Something called the “fiscal cliff” is talked about constantly by politicians and the media in Washington – as if these people have ever faced a real cliff or a real crisis of not having enough money to avoid the abyss.
A cliff is where somebody stands on the edge, looking down into darkness that does not end.
Only bureaucrats and their flunkies use the word “fiscal,” because it is somebody else’s money and those people have all they need.
Real people use the word “money” – and there is never enough when those real people are poor and broke and unemployed.
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That money cliff is where Ash Bryant, 26, of York, stood Wednesday with a year-old baby and a utilities disconnection notice. She sat in the waiting room at PATH – People Attempting To Help – and looked off that cliff.
All she saw was darkness.
“My husband got laid off from his job, hardwood floors, because there is no work,” Bryant said. “Thursday, the lights get turned off. The heat. I know what a fiscal cliff is. I am standing on it. I don’t have even a dollar in my purse.”
No politician will cry over this fiscal cliff. Bryant tried not to cry, but she failed because there is just one way off the cliff and it is down.
“My son will have a Christmas if it kills me,” Bryant said.
Santa will arrive in darkness.
She wiped the tears as politicians brayed about fiscal cliffs, then prepared for press conferences and speeches and roundtables with other smart people.
The people who pay the taxes and get the benefits after lifetimes of work hope all those eggheads who talk about the fiscal cliff will jump off. Some will offer to push them.
The non-profit PATH is so overrun with requests for help from people such as Bryant that there is no money left to give out, said Cheryl Curtin, executive director.
The line for help was full before the doors even opened at 9 a.m. Wednesday. The doors were opened, everybody shivering outside came in, and the door was locked again.
PATH can help only 25 people a day, three days a week – but as many as 80 people have been showing up daily. That’s 80 fiscal cliffs.
Curtin said that the money is gone for a room full of people on the fiscal cliff who came to PATH Wednesday, hoping for money for lights and rent.
Curtin, unlike any politician, pulls no punches and tells no lies and uses no terms such as “fiscal cliff.”
“The money has run out,” she said.
PATH volunteers handed out bags and boxes of food, but there is not another dollar to give out.
“We had money for the past 11 months, but right now we have no money at all,” Curtin told that room of women and men, black and white, young and old, black and white and Latino. A woman translated English to Spanish for one family of three women.
Those three faces fell – right off the fiscal cliff – when the words “no money” were translated.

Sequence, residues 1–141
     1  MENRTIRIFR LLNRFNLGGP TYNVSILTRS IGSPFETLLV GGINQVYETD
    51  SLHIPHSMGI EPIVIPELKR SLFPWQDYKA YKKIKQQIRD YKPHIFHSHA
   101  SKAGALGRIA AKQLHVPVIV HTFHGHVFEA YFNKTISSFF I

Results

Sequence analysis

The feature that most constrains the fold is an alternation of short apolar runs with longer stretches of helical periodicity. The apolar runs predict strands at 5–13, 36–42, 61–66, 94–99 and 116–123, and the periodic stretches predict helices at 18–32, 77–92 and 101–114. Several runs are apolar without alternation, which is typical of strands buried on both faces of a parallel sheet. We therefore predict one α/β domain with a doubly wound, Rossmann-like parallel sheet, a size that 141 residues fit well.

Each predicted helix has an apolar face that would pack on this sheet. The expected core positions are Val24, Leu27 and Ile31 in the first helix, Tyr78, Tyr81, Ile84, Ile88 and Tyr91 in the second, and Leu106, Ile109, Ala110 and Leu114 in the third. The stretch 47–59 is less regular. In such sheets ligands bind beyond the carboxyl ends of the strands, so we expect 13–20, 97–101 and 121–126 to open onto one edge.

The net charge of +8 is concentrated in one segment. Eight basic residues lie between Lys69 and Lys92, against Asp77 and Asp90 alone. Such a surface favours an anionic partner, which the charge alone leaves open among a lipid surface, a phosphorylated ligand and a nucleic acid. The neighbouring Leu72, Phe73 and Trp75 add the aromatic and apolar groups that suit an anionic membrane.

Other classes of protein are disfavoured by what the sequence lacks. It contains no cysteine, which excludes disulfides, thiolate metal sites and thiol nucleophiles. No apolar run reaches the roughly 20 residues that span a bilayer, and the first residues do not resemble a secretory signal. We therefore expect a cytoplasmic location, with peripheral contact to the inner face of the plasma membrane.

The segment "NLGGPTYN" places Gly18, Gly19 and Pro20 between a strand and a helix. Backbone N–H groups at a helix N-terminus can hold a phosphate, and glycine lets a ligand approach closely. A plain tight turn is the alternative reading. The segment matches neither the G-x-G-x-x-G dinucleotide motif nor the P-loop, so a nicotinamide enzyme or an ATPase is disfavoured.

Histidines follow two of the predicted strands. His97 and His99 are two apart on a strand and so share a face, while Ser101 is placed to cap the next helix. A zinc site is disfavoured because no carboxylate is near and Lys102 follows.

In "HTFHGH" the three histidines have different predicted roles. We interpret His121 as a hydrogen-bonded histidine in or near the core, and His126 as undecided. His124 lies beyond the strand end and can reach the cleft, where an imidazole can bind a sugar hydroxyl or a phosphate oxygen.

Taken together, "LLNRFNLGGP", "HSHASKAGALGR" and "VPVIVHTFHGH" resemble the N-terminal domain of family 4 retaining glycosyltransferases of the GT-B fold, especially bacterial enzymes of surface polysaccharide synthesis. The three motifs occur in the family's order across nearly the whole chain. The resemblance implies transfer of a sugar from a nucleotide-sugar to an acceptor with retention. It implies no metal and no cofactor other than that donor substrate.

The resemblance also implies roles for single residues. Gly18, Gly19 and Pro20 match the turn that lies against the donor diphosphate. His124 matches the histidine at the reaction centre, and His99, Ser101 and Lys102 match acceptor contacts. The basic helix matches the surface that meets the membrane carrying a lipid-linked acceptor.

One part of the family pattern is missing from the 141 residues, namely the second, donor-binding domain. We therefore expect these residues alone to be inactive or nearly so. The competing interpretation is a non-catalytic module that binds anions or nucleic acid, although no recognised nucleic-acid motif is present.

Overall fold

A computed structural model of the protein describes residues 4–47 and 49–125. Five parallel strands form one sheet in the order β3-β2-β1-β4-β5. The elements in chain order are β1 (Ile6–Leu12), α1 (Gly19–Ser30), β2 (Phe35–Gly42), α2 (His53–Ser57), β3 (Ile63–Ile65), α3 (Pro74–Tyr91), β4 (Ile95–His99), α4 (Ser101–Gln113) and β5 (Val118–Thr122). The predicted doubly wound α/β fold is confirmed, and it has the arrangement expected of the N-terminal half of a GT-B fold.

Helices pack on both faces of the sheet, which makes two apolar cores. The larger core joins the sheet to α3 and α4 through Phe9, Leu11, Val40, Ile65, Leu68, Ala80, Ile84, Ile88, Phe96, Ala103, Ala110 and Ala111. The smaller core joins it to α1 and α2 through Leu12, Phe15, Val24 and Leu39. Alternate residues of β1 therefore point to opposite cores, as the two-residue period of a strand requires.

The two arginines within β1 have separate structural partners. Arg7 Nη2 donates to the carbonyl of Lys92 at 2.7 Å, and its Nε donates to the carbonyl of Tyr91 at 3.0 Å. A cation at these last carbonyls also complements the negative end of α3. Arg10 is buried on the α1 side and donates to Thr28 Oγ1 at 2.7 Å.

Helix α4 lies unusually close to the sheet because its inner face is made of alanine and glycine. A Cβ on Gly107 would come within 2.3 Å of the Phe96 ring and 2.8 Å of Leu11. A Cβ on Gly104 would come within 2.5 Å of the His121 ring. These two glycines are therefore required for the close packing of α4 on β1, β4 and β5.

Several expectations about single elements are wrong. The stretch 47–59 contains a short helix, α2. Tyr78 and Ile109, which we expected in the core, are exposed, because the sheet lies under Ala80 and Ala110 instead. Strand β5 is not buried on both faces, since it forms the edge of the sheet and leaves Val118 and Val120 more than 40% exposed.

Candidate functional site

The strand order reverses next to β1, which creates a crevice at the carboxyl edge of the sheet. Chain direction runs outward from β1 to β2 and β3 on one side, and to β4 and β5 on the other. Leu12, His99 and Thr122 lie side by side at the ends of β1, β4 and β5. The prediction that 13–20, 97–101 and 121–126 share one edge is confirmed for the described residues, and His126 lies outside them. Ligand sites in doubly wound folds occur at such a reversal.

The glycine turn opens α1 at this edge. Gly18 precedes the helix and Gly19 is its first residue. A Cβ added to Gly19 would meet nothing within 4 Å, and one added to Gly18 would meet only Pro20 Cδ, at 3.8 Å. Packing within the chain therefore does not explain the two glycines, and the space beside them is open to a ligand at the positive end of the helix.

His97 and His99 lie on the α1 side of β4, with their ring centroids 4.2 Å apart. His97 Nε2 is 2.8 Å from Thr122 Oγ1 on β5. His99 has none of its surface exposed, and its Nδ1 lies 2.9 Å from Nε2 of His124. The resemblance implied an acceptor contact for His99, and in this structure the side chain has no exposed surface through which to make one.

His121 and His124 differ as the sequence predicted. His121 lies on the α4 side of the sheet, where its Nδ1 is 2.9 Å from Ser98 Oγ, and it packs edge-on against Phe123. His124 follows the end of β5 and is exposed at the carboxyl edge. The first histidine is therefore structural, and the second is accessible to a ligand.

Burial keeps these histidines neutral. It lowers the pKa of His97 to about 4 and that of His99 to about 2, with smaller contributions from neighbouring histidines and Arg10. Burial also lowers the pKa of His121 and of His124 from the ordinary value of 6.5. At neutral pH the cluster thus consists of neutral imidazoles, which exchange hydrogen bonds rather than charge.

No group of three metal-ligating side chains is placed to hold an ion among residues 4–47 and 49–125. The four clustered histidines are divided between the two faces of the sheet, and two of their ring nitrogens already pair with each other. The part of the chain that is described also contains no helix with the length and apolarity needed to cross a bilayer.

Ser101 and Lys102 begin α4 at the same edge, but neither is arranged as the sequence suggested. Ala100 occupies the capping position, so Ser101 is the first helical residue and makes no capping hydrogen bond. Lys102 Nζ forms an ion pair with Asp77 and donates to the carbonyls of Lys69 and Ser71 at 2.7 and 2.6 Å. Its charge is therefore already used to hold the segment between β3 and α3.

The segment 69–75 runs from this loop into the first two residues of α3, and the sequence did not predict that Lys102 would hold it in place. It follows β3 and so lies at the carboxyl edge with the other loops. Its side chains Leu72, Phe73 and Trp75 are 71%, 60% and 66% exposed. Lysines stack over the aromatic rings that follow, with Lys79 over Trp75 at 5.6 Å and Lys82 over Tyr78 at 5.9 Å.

A lady with two kids – and a belly that obviously meant a third was on the way – said her pregnancy has medical complications that forced her to quit working. She asked if there was anywhere she could sign up for Christmas gifts for her kids.
“I always worked, they always had Christmas,” the lady said.
She was asked where the father was.
“Incarcerated,” she said.
This lady is so used to political terms such as fiscal cliff clouding up her life that that she did not even say the word real people use – “jail.”
The father is in jail and the mother and two kids and one on the way are in a money jail because of it. The kids are on a fiscal cliff.
Curtin, the bearer of good news for people with help so many days of the year, had to tell the lady and the whole room that most non-profits and churches had already completed toy and gift “adoption” of families and children for the holidays.
“I wish I had something or someone to offer you on that,” Curtin told the room.
Linda Rowles waited in line, not for herself, but because she is a caretaker for a disabled man under hospice care whose benefits have not kept up with the cost of disease. That man is on the fiscal cliff right now, waiting to die, without enough to eat.
“If I don’t get help for this man, he will not have any lights,” said Rowles.
She was asked if this was the “fiscal cliff.”
“It’s already over the edge of the cliff,” Rowles said. “It’s a shame, is what it is.”
James Cooney, 50, talked about how PATH is the only thing standing between people such as him and despair. Cooney used the term, “the fiscal cliff” because that term is used by so many newscasters and more who have no idea what it is, but use it anyway because everybody else is doing it.
“These politicians wouldn’t know what it is like not to have money to keep the lights on, or something to eat,” Cooney said. “What do they know about any cliff? They all are rich and they talk about money for benefits that people worked for all their lives and earned like they are going to have to make some big sacrifice.”
Yet at places such as PATH, the way out does not involve throwing oneself off the cliff. The food, all donated, comes in to staff, all volunteers. York Electric Cooperative employees Brian Bolin and Wes Dover brought two pickups of food donated by employees. A Walgreen’s employee brought food. Other deliveries came in.
Volunteers stacked and inventoried food, gave out meat and bread and canned goods. The clients were helped and hugged and given food and smiles.
A woman at least 75 years old, bent, took her box of food off a cart to her car. The box was heavy. The car was built in the last century. She steadied the box on the ledge of the bumper to get it in the trunk.
She worked in a textile mill all her life and now politicians are talking about the benefits that she earned that are not enough now to keep the lights on, and the refrigerator with anything in it, as a “fiscal cliff.”
“Now I don’t have to jump off the cliff,” she said.